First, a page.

Humans 'Punish' Automated Assistant For Bad Advice
People are less likely to return to an automated advisor like a
"This has very important implications because time and time again, we are seeing humans being replaced by computers in the workplace," said Andrew Prahl from University of Wisconsin
For the study, the researchers asked participants to forecast scheduling for hospital operating rooms, a task they were unfamiliar with.
They were were given help from either an "advanced computer system" or "a person experienced in operating room management".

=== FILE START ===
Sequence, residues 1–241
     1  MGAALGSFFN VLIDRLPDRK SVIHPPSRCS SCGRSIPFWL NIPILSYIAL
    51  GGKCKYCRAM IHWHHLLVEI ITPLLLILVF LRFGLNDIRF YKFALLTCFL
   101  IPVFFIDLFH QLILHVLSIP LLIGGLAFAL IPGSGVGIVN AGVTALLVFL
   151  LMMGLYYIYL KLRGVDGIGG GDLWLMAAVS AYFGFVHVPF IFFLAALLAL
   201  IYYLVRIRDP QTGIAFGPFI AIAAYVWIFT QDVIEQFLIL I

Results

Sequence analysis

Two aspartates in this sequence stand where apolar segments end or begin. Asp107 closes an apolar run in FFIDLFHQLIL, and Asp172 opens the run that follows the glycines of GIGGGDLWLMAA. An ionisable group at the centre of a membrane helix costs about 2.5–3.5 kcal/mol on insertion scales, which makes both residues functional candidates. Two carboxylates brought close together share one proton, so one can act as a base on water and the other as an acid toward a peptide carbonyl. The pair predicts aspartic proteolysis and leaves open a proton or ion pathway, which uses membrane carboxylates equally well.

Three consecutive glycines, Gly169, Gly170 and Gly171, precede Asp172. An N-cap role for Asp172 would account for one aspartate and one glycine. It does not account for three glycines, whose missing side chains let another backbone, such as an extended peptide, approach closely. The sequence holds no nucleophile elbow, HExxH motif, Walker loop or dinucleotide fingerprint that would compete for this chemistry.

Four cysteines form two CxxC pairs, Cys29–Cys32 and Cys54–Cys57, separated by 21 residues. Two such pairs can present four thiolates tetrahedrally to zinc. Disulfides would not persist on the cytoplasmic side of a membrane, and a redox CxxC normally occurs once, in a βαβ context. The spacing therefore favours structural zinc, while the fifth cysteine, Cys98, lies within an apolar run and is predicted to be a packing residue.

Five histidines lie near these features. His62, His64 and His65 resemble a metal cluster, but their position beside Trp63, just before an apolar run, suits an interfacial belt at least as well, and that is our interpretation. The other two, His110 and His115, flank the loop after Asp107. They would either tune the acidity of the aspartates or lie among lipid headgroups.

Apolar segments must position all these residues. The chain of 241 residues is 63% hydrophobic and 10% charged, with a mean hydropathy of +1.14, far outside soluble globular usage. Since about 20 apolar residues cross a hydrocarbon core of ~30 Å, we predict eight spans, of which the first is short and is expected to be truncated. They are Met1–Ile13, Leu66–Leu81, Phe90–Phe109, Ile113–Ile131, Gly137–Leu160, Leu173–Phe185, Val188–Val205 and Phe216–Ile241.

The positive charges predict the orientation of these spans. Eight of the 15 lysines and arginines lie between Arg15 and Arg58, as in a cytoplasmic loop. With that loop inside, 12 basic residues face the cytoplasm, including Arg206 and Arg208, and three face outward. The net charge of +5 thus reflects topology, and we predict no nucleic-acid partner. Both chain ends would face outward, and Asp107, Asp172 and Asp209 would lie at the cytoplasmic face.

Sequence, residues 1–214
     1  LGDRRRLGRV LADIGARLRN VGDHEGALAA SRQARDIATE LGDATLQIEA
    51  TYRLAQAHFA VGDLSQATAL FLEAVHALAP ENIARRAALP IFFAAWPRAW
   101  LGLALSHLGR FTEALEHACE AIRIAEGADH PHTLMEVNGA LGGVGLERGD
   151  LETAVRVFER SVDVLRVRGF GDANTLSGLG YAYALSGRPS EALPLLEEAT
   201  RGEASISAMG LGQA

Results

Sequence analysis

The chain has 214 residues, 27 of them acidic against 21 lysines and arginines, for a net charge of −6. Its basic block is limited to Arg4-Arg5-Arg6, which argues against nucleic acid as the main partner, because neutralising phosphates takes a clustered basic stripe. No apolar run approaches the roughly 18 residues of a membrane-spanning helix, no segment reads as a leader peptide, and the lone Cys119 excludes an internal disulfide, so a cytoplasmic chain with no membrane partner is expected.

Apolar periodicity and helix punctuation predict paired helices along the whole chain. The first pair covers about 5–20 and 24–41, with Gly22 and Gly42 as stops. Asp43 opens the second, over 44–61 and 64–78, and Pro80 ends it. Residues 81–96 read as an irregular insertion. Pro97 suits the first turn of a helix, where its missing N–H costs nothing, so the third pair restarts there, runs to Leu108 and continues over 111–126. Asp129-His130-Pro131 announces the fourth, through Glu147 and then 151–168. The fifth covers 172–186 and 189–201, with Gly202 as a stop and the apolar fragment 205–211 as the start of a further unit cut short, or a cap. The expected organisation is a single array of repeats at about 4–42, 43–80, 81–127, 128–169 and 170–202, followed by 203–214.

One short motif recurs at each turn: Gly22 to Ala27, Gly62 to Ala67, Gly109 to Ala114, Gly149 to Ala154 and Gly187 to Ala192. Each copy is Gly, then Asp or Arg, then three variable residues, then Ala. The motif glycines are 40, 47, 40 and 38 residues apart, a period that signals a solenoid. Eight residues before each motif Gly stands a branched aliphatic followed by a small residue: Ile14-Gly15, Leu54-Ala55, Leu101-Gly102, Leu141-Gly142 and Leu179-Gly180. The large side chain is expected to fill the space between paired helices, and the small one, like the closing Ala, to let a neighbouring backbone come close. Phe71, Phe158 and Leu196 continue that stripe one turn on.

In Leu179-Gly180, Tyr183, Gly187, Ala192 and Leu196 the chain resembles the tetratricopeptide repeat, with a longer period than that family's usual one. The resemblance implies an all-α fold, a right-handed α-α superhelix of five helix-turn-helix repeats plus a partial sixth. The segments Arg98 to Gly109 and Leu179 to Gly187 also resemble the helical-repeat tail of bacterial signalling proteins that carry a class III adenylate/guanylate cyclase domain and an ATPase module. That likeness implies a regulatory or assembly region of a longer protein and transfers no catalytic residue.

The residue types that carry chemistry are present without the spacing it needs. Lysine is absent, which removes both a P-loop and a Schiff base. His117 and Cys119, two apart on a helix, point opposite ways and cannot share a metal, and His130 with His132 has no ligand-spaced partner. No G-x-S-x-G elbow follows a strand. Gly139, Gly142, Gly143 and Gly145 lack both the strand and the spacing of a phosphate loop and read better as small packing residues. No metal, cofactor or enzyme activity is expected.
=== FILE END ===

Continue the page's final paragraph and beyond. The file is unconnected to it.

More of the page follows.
The researchers found that after participants received bad advice, they "punished" and rapidly abandoned the computer advisor and did not use the advice on subsequent trials while "forgave" the human advisor for making a mistake.
"This research suggests that any potential efficiency gains by moving towards
Prahl and co-author Lyn M Van Swol are set to present their findings at the annual conference of the International Communication Association in Fukuoka, Japan, in June.